BY JENNIFER BAILEY
The city could soon have a new yard waste site.
City council members Tuesday night approved purchasing farmland for $75,000 from Daniel Schlorff on the east end of Liberty Lane for the city’s new landscape waste recycling facility.
Council members had already approved an extended option to purchase the land through the end of November. The option price was $1,000.
Public Works Director Doug Ahrens said the city still hasn’t heard about the Illinois Environmental Protection Agency permit. He still hopes to hear by the end of the month.
The land purchase is pending the IEPA approval.
Also Tuesday, council members approved applying for Illinois Environment Protection Agency clean water initiative loan funds to replace, upgrade and improve the sanitary sewer system serving northwest Danville in the area west of Lake Vermilion.
The application would be to the IEPA State Revolving Fund Water Pollution Control Loan Program to assist with construction, sub-consulting and land acquisition for the project. The city will apply for $4.5 million.
The preferred alternative for the project eliminates a sanitary sewer crossing of Lake Vermilion, reduces the amount of force main adjacent to the lake and eliminates difficult-to-maintain gravity sewer in wood ravines.
The sewer service area includes Denvale, Denvale West, the Danville Country Club, Chateau Estates and New Rose Hill Cove.
In other business Tuesday, council members:
There is no salary increase the first year, but there is a 3 percent increase the second year and 3.5 percent increases the third and fourth years of the contract.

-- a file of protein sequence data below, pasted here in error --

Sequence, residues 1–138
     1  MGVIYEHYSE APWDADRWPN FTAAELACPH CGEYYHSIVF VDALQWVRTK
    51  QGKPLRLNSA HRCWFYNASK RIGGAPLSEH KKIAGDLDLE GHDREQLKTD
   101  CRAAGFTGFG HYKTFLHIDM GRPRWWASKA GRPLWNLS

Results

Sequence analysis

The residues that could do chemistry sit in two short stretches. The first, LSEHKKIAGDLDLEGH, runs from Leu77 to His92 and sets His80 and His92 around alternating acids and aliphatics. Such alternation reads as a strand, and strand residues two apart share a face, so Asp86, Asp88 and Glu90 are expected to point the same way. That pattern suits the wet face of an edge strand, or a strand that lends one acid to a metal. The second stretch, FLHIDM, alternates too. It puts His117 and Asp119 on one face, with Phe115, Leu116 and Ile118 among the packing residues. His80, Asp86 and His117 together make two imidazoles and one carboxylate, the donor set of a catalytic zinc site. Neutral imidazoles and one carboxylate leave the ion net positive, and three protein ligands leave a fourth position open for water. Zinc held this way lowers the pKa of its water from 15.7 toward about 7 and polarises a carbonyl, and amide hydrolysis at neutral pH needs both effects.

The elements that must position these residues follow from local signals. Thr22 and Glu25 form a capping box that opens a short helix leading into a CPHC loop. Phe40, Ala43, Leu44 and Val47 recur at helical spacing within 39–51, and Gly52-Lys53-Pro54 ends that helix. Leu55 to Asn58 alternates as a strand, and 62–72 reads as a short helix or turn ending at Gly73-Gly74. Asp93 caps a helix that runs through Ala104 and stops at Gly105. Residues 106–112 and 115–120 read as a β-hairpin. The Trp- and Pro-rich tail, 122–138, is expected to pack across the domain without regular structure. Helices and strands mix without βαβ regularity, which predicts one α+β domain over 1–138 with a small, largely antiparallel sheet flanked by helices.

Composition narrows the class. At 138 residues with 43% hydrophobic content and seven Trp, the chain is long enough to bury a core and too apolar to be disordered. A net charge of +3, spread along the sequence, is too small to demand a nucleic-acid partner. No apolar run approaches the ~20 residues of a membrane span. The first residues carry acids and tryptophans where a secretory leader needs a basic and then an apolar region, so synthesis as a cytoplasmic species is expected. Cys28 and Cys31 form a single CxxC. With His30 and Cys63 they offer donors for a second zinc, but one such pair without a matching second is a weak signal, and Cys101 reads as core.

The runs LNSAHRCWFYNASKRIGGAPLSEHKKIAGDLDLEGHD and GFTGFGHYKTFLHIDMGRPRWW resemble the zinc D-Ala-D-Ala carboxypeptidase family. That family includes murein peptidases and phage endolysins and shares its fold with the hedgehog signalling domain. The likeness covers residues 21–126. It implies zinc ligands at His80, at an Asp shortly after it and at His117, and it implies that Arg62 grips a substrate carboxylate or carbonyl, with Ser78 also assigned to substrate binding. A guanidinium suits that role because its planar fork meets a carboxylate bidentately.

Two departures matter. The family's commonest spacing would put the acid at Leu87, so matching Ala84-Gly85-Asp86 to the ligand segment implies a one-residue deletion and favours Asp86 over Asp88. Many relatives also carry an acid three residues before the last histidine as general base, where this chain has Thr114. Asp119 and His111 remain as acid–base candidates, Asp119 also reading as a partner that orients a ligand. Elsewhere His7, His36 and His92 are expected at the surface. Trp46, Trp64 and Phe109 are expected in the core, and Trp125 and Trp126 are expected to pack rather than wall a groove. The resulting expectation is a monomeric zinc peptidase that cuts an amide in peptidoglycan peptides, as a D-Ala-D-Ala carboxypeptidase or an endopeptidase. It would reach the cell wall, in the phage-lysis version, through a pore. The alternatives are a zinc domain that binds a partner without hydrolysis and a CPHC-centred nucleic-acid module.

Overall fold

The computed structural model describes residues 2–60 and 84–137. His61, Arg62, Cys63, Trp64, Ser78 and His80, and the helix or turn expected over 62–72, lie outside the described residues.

In years two through four of the contract, employees will pay 10 percent of the insurance premium.
Mayor Scott Eisenhauer said the increases in wages are a reflection of the increases in health insurance contributions.
“It’s pretty break even,” he said of the salary raises and insurance cost increases the employees will contribute to the city’s increasing health insurance costs.
Some longevity steps also were eliminated, in addition to some other contract changes.
Eisenhauer added the city will be able to manage and control pension costs more by reducing the longevity steps.
He said the contract will cost the city $15,000 more in salary increases, but the higher insurance contributions should offset the cost.
“We tried to get close to break even,” he said.
During construction, a couple properties on the south side of Fairchild Street between Rogers and Collett streets were found to have sanitary aeration sewer systems discharging into the storm sewer.
City officials want to replace the aeration systems with a public sanitary sewer to connect to the existing public system in the alley between Rogers and Baldwin.
The city is purchasing 651 E. Fairchild for $500 for a permanent easement from Dorothy Blalock.
Larry and Wilma Nicholson is then selling the city an easement at 647-649 E. Fairchild St. for obtaining the vacant lot at 651 E. Fairchild St., and a cash amount of $250.
There still would be a permanent easement for installing and maintaining the public sewer at 651 E. Fairchild.